324 U.S. 177
65 S.Ct. 591
89 L.Ed. 830
COMMISSIONER OF INTERNAL REVENUE
Argued Jan. 30, 31, 1945.
Decided Feb. 26, 1945.
As Modified April 9, 1945.
Mr. J. Louis Monarch, of Washington, D.C., for petitioner.
Mr. Clarence D. Phillips, of Portland, Or., for respondent.
Mr. Chief Justice STONE delivered the opinion of the Court.
Respondent’s employer gave to him, as compensation for his services, an option to purchase from the employer certain shares of stock of another corporation at a price not less than the then value of the stock. In two later tax years, when the market value of the stock was greater than the option price, respondent exercised the option, purchasing large amounts of the stock in each year. The question for decision is whether the difference between the market value and the option price of the stock was compensation for personal services of the employee, taxable as income in the years when he received the stock, under § 22(a) of the Revenue Act of 1938, c. 289, 52 Stat. 447, and § 22(a) of the Internal Revenue Code, 26 U.S.C. § 22(a), 26 U.S.C.A. Int.Rev.Code, § 22(a).
Upon a petition to review the Commissioner’s finding of a tax deficiency against respondent for those years, the Tax Court sustained the Commissioner. The Court of Appeals for the Ninth Circuit reversed, 142 F.2d 818, holding that there was no finding and no evidence to support a finding, that the option was intended to enable respondent to make a ‘bargain purchase’ or that the stock was issued to him as compensation for services. It concluded that the exercise of the option was a mere purchase of a capital investment which could result in taxable income only upon sale of the stock. We granted certiorari, 323 U.S. 696, 65 S.Ct. 84, on a petition which asserted conflict of the decision below with the decision of the Court of Appeals for the Sixth Circuit in Connolly’s Estate v. Commissioner, 135 F.2d 64, 146 A.L.R. 1387.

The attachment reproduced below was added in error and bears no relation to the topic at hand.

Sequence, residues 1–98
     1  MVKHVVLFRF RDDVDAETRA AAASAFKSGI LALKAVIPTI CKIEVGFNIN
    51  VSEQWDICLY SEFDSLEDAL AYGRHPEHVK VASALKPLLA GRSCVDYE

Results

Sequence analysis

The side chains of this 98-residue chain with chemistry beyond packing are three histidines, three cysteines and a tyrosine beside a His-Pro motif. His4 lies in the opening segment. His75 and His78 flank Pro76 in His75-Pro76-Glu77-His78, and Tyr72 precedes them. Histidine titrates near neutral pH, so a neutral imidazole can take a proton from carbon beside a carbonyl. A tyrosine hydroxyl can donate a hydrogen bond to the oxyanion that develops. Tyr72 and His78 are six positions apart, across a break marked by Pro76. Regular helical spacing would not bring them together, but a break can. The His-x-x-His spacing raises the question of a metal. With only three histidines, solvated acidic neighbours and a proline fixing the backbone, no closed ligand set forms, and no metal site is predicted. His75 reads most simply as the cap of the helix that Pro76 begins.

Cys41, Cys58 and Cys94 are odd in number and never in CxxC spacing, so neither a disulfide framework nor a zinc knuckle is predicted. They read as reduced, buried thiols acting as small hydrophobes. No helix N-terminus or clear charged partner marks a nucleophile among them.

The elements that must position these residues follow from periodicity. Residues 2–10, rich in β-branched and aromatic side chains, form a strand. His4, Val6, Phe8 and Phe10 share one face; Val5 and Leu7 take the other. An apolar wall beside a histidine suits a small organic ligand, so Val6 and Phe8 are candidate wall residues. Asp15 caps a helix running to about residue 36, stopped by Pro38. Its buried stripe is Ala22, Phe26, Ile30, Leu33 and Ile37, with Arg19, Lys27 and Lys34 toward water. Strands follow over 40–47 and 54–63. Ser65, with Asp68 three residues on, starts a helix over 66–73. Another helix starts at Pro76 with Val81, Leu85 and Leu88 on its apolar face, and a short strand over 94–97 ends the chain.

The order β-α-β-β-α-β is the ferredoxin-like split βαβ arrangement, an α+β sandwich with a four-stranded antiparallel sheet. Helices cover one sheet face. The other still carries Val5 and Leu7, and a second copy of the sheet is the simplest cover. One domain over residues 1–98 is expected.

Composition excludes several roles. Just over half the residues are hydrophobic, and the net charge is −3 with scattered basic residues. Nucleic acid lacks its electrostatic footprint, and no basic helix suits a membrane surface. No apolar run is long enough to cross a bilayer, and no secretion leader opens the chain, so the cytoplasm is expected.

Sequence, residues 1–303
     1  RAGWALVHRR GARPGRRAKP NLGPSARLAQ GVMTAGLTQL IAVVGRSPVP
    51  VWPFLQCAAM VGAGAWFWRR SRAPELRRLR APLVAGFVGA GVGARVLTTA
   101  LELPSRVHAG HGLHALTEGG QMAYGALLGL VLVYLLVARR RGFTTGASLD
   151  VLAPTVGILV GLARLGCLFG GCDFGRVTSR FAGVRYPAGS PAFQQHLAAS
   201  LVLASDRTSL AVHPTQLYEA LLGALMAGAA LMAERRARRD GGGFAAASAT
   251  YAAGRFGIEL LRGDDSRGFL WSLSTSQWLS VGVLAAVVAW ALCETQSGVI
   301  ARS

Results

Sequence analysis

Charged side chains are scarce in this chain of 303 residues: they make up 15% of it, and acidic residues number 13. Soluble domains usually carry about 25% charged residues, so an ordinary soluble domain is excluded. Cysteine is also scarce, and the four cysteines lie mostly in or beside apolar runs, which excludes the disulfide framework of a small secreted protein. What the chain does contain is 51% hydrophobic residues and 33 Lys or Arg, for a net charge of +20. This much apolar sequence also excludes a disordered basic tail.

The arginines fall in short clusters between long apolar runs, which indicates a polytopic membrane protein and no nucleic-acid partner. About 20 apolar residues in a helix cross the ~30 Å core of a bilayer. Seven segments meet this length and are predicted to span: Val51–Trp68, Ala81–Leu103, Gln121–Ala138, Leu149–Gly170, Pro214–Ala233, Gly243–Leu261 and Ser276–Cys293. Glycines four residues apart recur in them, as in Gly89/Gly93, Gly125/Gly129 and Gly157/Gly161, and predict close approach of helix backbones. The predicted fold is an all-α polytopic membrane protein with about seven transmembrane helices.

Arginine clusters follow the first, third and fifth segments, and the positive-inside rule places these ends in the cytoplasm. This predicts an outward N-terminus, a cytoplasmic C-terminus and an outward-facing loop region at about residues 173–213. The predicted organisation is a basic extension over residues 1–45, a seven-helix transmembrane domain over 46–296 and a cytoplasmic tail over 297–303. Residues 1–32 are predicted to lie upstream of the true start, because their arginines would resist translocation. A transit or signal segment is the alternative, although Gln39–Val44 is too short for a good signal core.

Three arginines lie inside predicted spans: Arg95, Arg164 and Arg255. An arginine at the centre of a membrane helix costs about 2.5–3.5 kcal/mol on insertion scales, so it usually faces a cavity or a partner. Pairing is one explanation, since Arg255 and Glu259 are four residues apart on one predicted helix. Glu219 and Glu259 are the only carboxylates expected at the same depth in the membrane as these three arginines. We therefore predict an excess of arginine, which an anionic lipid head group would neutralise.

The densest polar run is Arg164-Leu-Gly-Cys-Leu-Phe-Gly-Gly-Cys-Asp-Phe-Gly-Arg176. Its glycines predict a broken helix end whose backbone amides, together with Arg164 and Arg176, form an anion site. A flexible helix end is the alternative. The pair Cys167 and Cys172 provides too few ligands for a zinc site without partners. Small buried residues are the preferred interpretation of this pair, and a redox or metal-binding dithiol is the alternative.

The Tax Court found that for many years, and at all relevant times, respondent was employed by the Western Cooperage Company. In 1934 Western took over the management of the Hawley Pulp and Paper Co. pursuant to a plan for its reorganization. Hawley was then in financial difficulties, with an indebtedness amounting to $2,790,150. Under its contract with Hawley, Western was to retire annually a certain amount of Hawley’s indebtedness. In the event of success in this undertaking, and when the amount of Hawley’s indebtedness had been reduced by the sum of $1,400,000, Western was to receive specified amounts of the Hawley Company’s capital stock as compensation for the services thus rendered.
Respondent, in the course of his employment by Western, was active in the reorganization of the Hawley Company. As compensation for his services, the president of Western, in December 1934, gave respondent an oral option to purchase a part of the Hawley stock, to be acquired by Western under its contract. This action was confirmed by resolution of the Board of Directors of Western, pursuant to which Western, as of December 10, 1934, and ‘in consideration of services rendered’ by respondent prior to that date, agreed in writing to sell to respondent at his option, at 10 cents a share, a specified proportion of such shares of common stock as it might be entitled to receive under its contract with Hawley. On March 18, 1938, Western became entitled to the stipulated number of shares of the Hawley stock as provided by the contract with Hawley. In that and the following year respondent, by the exercise of his option, acquired from Western large amounts of the stock on payment of the option price.
The Tax Court found that at the date of the option the market price of the stock did not exceed the option price, but that in 1938 the market value of the stock then acquired by respondent exceeded its option price by $81,021, and the value of that acquired in 1939 exceeded the option price by $71,663. The court found from the option itself, the resolution of Western’s Board of Directors, and from petitioner’s own testimony, that ‘Western gave the option to petitioner (respondent here) as compensation for services rendered in effecting the reorganization plan of Hawley.’ It held that the excess of the market value of the shares over the option price in the years when the shares were received by respondent, was compensation for his services, taxable as income in those years.